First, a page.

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Friday, June 11, 2010

Presumption that Greater power Includes Lesser Power- US Courts

The principle that the grant of a greater power includes the grant of a lesser power is a bit of common sense that has been recognized in virtually every legal code from time immemorial. It has found modern expression primarily in the realm of constitutional law. See, e.g., City of Lakewood v. Plain Dealer Publishing Co., [1988] USSC 123; 486 U.S. 750, 763[1988] USSC 123; , 108 S.Ct. 2138, 2147[1988] USSC 123; , 100 L.Ed.2d 771 (1988) (commenting that the power to prohibit speech entirely includes the lesser power to license it at the government's discretion); Posadas de Puerto Rico Assocs. v. Tourism Co., [1986] USSC 169; 478 U.S. 328, 345[1986] USSC 169; , 106 S.Ct. 2968, 2979[1986] USSC 169; , 92 L.Ed.2d 266 (1986) (holding that the power to ban casino gambling includes the lesser power to prohibit advertising of casino gambling).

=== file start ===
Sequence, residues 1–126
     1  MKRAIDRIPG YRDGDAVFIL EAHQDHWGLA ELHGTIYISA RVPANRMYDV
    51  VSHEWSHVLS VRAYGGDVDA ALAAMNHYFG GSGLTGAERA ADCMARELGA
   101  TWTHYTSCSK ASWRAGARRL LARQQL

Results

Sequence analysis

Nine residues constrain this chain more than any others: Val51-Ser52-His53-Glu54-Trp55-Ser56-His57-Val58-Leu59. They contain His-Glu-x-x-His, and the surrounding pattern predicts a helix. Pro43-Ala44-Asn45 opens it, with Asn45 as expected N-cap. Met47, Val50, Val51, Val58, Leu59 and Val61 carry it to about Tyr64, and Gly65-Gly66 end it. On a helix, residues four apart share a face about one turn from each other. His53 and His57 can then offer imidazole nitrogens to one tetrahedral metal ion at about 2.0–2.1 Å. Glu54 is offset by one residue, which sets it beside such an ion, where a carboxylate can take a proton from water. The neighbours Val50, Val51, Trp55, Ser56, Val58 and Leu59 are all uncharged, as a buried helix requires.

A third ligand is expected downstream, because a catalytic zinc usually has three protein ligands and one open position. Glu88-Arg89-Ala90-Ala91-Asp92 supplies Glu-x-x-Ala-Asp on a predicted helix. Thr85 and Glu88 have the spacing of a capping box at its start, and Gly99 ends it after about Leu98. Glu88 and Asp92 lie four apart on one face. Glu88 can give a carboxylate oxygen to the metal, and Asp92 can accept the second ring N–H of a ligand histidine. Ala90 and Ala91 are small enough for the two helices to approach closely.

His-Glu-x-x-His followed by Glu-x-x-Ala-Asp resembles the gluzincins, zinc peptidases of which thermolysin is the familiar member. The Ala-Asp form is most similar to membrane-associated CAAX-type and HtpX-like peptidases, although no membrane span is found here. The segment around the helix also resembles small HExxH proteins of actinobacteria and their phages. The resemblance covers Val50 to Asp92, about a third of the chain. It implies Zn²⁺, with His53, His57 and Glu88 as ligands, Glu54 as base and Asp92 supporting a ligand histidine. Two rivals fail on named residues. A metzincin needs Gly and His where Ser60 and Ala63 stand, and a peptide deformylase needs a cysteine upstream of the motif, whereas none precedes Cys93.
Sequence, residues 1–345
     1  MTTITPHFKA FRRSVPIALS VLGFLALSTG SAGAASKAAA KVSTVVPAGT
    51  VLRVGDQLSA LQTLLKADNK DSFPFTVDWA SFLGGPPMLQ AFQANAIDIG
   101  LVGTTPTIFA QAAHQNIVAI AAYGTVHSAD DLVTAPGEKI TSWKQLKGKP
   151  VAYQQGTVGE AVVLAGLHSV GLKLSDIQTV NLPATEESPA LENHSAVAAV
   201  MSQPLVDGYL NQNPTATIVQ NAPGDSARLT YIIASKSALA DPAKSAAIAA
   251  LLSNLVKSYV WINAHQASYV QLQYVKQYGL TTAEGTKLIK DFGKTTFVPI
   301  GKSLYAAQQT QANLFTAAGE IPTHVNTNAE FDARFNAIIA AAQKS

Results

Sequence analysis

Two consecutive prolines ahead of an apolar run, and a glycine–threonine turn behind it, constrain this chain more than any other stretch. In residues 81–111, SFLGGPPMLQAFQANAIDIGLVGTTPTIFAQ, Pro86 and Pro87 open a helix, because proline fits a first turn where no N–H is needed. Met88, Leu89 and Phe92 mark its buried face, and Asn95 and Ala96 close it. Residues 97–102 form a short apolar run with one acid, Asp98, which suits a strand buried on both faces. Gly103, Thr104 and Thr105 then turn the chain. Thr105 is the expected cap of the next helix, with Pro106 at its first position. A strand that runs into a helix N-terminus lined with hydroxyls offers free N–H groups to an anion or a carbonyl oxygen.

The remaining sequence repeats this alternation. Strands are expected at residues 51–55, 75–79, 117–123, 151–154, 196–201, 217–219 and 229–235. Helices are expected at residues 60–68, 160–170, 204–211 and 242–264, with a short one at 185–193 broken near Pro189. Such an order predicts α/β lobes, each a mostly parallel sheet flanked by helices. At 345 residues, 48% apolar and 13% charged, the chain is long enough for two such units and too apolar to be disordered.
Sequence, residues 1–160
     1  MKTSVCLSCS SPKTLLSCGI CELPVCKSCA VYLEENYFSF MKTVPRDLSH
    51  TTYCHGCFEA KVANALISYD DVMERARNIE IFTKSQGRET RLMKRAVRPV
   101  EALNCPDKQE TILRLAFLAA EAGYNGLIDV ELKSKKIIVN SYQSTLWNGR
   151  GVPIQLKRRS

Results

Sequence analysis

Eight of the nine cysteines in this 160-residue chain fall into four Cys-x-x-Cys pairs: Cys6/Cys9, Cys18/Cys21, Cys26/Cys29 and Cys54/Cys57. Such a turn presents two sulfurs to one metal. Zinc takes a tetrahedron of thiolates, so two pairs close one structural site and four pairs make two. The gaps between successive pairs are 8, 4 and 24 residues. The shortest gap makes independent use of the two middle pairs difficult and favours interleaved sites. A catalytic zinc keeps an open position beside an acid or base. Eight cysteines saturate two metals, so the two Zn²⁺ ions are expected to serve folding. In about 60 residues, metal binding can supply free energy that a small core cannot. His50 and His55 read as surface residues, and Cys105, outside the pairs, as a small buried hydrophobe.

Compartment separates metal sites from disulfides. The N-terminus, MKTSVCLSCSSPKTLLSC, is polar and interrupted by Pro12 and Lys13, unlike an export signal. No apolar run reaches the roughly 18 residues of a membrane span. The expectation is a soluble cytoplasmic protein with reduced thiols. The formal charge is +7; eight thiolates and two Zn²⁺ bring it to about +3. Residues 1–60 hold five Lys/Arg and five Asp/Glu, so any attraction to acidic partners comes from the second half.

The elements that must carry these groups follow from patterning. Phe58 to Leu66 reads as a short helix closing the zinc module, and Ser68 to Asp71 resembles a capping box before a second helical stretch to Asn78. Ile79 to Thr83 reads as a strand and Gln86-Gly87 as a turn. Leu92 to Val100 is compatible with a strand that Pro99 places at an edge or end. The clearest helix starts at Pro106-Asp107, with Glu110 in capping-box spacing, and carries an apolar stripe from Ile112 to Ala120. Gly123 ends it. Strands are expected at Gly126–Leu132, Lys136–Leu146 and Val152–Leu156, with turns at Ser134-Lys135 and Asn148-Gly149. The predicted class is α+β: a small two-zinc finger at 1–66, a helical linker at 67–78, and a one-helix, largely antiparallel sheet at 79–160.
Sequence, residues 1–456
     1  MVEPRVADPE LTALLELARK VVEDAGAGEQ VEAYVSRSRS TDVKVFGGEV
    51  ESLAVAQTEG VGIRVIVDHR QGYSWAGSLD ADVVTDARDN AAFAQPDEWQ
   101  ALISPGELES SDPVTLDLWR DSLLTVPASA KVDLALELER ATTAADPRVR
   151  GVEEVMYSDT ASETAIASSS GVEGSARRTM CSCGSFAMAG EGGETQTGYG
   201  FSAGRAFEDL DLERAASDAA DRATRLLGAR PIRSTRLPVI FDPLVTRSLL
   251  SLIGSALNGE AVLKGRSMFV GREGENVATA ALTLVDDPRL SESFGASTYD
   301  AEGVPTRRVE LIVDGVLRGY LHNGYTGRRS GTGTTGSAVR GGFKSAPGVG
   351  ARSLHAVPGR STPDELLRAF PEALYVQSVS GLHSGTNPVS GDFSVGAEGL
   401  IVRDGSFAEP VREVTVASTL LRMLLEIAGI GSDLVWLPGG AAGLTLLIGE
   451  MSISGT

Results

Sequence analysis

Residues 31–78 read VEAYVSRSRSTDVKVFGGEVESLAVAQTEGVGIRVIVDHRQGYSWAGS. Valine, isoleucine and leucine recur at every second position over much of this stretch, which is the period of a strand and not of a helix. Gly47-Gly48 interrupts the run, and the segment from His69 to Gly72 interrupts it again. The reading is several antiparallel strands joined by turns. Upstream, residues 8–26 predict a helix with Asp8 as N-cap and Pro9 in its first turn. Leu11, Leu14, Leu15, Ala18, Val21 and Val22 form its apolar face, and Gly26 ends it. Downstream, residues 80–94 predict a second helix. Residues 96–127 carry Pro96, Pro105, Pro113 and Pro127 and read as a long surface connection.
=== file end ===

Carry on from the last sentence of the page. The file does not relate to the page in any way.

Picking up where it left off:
While this principle has nested less frequently in the criminal law context, it is fully applicable in that milieu. To illustrate, we use an example that bears a strong family resemblance to the problem at hand. The federal sentencing guidelines originally stated that "an extraordinary physical impairment may be a reason to impose a sentence other than imprisonment." U.S.S.G. Sec. 5H1.4, p.s. (Nov. 1990). Three courts of appeals, including this one, refused to understand this provision to require an all-or-nothing choice between imposing an incarcerative sentence within the guideline range or imposing no prison sentence. The courts reasoned that, despite the unvarnished language of the provision, the greater departure (no incarceration) necessarily included the lesser departure (a prison sentence below the bottom of the guideline sentencing range). See United States v. Slater, [1992] USCA10 876; 971 F.2d 626, 635 (10th Cir.1992); United States v. Hilton, [1991] USCA1 494; 946 F.2d 955, 958 (1st Cir.1991); United States v. Ghannam, [1990] USCA4 614; 899 F.2d 327, 329 (4th Cir.1990)

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